Used Equipment Sales Strategy – An Overview On Creating An Asset Life Cycling Program – Part 2

All equipment rental companies have an opportunity to better serve their customers and investors now and into the future by leveraging used equipment sales to improve their asset base and cash flow.  Incorporating a well thought out equipment life cycling program can greatly increase the quality of rental equipment and associated ROI/ROA values, while simultaneously decreasing maintenance costs and capital expenditure requirements to maintain and grow your rental inventory over time.

The following is the second in a series of posts that will outline the recommended structure of a successful asset life cycling program and address implementation.  For additional posts from this series please click here.

  • Asset Depreciation
    1. When a cap-ex investment occurs, the value of the associated assets should be captured in the companies financials using a straight line depreciation strategy.  The depreciation schedule should be determined by the assets category, which can generally represent its intended inventory lifespan prior to EOS (End of Service).
    2. When formulating depreciation schedules, they should NOT be stretched to the maximum usable life of a product but instead should be minimized to capture the most rental revenue while retaining maximum resale value at the point of EOS.  One way to approach this is to assign Depreciation Tiers to every asset category.  These tiers should be used to determine EOS eligibility and therefore the date at which equipment can be disposed of by the predetermined method (i.e. resale):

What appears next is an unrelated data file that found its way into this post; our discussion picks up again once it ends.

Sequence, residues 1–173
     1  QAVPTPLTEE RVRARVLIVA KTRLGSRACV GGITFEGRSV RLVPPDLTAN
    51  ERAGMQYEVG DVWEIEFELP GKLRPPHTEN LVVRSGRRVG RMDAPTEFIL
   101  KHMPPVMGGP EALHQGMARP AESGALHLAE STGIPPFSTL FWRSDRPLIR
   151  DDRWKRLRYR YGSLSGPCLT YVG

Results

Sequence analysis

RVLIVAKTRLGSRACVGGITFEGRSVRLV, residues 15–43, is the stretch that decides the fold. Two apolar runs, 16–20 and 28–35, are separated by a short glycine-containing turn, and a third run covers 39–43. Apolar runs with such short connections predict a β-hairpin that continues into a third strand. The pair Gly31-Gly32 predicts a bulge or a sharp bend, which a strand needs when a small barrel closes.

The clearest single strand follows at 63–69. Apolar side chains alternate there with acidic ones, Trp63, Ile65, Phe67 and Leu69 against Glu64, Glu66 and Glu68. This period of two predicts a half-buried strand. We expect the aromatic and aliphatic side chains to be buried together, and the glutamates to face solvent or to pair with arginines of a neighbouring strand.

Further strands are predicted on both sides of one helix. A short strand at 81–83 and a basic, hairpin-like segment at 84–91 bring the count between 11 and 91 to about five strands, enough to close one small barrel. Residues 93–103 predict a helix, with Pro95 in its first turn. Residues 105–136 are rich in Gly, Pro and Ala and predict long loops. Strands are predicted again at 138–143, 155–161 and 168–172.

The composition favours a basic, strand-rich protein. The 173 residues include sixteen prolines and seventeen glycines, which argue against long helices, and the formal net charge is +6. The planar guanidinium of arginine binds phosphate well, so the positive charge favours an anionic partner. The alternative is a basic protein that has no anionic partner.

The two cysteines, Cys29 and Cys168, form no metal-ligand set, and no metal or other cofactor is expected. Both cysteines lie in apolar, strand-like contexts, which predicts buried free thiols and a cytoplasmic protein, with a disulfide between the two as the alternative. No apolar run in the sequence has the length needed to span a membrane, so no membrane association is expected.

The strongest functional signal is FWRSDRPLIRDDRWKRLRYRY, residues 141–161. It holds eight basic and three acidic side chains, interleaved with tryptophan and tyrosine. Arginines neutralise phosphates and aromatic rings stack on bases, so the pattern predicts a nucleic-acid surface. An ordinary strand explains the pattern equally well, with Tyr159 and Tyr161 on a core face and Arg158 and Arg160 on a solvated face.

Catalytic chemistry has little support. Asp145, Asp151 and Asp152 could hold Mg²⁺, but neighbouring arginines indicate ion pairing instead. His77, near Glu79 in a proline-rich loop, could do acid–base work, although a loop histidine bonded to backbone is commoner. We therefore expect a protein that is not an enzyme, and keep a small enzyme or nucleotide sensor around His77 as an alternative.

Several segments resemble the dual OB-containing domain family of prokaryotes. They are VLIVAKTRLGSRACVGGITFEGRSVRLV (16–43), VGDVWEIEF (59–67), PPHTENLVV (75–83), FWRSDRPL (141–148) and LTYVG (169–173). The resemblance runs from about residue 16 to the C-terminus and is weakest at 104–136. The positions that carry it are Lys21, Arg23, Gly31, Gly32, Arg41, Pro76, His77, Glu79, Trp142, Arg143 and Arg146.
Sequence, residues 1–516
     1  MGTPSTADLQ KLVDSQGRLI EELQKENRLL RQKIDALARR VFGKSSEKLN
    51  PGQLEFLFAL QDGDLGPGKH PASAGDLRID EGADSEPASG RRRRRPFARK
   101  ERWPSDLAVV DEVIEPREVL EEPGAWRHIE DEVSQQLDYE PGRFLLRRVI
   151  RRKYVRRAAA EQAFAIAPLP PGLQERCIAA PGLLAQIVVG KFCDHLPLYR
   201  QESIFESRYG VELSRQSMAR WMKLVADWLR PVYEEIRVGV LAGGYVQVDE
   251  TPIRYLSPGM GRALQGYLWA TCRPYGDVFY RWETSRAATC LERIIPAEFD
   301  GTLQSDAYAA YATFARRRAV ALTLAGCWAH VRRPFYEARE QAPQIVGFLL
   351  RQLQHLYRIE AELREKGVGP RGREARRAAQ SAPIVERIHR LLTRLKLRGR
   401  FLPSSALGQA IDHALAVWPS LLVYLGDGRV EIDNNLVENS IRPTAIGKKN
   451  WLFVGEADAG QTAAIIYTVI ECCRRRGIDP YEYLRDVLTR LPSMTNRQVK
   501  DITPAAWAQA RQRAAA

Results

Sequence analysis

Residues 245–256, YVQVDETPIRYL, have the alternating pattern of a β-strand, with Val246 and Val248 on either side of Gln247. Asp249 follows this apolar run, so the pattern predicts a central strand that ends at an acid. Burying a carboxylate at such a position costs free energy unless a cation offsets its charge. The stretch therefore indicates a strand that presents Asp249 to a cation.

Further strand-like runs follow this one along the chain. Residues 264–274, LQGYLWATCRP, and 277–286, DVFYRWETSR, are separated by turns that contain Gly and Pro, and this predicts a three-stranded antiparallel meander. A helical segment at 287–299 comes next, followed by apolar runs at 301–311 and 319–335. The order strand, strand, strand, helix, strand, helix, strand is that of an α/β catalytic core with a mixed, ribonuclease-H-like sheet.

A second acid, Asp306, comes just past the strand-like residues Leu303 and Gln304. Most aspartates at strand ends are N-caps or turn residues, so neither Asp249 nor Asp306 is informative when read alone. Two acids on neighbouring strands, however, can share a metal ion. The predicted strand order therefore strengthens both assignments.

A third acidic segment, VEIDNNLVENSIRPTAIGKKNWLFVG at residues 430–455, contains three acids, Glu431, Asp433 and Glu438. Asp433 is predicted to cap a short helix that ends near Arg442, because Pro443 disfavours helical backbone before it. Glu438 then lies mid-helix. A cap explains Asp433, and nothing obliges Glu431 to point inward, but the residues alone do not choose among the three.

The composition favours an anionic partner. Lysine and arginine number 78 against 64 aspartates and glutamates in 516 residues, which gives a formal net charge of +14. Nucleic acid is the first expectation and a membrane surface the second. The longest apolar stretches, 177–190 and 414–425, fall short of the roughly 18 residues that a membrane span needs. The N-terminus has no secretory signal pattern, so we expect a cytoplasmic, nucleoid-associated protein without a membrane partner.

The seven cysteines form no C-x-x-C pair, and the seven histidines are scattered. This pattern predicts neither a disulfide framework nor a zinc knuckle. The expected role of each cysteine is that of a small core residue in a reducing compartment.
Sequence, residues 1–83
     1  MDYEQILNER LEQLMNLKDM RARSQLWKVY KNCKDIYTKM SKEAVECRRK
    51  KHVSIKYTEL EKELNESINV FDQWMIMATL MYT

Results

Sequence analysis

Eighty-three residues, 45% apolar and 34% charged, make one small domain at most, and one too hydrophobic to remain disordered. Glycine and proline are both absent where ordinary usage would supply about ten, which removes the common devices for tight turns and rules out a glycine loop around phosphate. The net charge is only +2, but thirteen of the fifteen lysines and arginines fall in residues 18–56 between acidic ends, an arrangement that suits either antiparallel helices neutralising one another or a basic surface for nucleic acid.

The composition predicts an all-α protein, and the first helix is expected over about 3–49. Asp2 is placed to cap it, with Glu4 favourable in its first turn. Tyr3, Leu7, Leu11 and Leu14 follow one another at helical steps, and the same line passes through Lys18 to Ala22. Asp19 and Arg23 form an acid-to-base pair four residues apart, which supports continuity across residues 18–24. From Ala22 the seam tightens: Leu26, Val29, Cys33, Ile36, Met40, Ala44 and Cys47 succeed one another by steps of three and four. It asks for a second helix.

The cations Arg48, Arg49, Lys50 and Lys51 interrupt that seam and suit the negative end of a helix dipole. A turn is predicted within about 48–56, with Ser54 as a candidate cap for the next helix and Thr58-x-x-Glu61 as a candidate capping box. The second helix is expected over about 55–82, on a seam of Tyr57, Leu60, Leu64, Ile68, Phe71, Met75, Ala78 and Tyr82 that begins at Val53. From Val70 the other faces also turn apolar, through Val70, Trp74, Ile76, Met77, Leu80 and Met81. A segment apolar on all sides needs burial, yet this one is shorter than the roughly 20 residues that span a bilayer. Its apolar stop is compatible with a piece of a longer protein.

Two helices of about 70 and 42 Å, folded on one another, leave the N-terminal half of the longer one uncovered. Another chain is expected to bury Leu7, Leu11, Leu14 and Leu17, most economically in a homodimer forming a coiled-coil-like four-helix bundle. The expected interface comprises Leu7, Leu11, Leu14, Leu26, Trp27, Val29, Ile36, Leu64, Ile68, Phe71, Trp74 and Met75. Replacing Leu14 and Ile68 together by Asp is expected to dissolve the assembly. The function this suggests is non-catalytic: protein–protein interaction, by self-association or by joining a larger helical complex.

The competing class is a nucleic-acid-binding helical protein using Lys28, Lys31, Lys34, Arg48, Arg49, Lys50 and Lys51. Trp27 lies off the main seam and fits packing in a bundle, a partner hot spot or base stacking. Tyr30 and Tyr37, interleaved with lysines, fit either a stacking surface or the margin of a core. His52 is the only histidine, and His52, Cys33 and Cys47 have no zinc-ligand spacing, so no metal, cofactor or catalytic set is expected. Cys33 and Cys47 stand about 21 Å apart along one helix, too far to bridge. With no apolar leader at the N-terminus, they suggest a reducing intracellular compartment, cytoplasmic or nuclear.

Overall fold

1. Tier 1 – 2 years: This should include any digital equipment such as lighting/audio/video control consoles, computers and IT equipment, all lighting fixtures, wireless systems, video monitors/TV’s, and any other equipment based on rapidly evolving technology that is capable of generating a sufficient rental return in under this time frame.
      2. Tier 2 – 3 years: This should include slower moving tech such as video projectors, audio amplifiers/processors, highly expensive digital equipment such as LED panels, cameras and video switching gear, and certifiable equipment such as truss, chain motors, and automation.
      3. Tier 3 – 5 years: This should include most support equipment that does not have digital processing and is generally more mechanical in nature, such as speaker cabinets, projector screens, power distribution, cable, etc.  This should also include camera lenses as they retain their value quite well over time as long as they are well maintained.
    3. *If asset-backed financing is involved, special attention should be given to assigning appropriate depreciation schedules.  Specific approval thresholds should also be established prior to asset sales occurring to insure that the asset base is not significantly reduced without commensurate cash influx from sale proceeds.*

Next week we’ll take a look at how to think about what should and shouldn’t be sold, and when.  If you missed Part 1 of this series discussing Predetermined EOS strategy, you can find it here.